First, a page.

Why breath is an important part of any Yoga practice
Yoga therapy Hull

Why breath is an important part of any Yoga practice

Breathing is important because it allows our body to move and function on every level. The diaphragm, a sheet of muscles across the bottom of the chest, is important as it expands and contracts the lungs to pull in and expel out air.

Breathing is part of the autonomic nervous system which predominately controls vital functions such as the heart, and digestion. This is mainly done unconsciously. However, breathing is one part of this system that we can actually control at will. As a result, it can be used to reduce stress especially through many aspects of Yoga, in particular, meditation, relaxation and breath control (pranayama).

Our breathing works in tandem with our heart and when our breathing pattern changes, our heart’s activity does too. For example, it will slow down when we practice deep breathing, which triggers the rest and repair response in the nervous system.

Furthermore, slow deep Yoga breathing brings back online the part of the brain associated with rationality, focus, concentration, emotional control, and hence the ability to create a relaxed mental state.

Those who suffer from being in a constant stressed state are not in rest, digest, and repair mode. This repair mode is important because it affects the wear and tear of our bodies, and is essential in protecting us from heart disease, high blood pressure, depression, and anxiety.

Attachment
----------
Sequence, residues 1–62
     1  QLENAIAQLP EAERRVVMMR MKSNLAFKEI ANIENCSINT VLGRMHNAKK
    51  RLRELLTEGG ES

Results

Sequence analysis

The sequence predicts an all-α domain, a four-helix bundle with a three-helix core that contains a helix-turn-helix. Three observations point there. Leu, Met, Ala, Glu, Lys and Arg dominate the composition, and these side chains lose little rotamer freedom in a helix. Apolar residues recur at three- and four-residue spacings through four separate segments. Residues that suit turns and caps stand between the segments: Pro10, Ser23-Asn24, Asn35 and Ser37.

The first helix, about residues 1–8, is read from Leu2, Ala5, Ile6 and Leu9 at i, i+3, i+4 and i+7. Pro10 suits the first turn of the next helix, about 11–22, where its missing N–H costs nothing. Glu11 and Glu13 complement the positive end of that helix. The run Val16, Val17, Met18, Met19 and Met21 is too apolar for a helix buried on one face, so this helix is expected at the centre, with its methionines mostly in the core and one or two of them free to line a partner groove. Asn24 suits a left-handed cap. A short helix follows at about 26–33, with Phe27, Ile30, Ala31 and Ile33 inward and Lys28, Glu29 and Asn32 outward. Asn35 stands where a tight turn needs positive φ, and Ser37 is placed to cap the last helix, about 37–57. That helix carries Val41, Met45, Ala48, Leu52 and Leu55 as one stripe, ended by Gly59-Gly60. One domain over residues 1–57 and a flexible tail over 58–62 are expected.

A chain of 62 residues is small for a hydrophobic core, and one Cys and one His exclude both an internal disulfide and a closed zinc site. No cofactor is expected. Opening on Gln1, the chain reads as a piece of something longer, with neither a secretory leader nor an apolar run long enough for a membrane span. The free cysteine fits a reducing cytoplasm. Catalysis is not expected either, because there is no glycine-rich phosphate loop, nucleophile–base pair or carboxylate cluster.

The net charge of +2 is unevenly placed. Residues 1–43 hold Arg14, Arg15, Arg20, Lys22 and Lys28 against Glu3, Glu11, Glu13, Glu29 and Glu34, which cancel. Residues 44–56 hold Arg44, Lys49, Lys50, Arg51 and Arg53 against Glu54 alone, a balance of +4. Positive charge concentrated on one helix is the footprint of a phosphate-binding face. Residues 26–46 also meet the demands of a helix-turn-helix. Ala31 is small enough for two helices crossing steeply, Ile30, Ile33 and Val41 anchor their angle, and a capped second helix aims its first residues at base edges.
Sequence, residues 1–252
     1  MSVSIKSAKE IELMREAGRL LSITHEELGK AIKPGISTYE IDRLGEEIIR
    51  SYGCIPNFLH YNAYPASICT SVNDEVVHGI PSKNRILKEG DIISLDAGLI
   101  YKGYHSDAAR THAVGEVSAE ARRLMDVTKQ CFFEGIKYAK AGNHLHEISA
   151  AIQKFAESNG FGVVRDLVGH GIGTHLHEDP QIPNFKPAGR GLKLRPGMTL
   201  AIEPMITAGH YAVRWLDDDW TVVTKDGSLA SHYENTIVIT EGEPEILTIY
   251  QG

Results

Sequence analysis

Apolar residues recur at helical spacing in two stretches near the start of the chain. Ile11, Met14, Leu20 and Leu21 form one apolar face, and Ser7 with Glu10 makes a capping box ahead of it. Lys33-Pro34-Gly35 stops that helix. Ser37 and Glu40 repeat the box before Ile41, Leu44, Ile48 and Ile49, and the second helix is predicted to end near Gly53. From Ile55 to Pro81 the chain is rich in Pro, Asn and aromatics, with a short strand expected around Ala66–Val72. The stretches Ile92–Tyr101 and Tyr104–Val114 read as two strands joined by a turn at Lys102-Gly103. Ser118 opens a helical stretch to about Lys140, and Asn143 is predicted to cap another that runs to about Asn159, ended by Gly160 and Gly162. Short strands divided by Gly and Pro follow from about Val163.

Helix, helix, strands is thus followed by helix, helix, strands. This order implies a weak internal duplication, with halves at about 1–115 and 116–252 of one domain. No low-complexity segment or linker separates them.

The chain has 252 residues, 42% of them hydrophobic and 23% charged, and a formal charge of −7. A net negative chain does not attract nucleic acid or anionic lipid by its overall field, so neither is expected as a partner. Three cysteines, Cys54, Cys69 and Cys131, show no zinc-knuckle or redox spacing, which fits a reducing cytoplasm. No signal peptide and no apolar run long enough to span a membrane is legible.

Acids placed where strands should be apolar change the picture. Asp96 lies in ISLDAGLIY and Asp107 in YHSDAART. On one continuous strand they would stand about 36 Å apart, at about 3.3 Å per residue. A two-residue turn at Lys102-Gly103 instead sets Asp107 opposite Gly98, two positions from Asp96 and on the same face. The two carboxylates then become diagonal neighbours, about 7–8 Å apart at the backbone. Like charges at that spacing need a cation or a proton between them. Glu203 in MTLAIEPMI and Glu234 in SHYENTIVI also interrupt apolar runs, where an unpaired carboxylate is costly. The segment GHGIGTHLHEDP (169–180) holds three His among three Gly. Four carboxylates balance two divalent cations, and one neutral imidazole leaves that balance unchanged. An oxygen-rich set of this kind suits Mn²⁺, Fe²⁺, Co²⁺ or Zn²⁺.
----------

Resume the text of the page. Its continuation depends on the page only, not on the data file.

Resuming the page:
Stress is associated with creating large imbalances in the brain’s chemical messaging system associated with relaxation, sleep, and muscle function. Too much stress triggers inflammation in the nervous and immune system and is the cause of many auto-immune diseases such as MS, arthritis, and IBS.

In relation to our stress response, the Vagus Nerve, important in helping to make our nervous system function, has been linked to health conditions from low mood to chronic disease. Good vagal tone is linked to physical and psychological well-being and is regulated by many Yogic practices.

The more important point to make, is that stress often begins in the mind: “Every mental state creates a corresponding state in the body, and every action in the body has its corresponding action on the mind” (Swami Vivekananda).

Therefore, the ultimate goal of Yoga is to settle mental disturbances (Yogah chitta-vrtti-nirodhah, The Yoga Sutras 1:2) and this can be done by regulating the breath consciously, which helps to quiet the mind by cultivating present moment Mindful attention.

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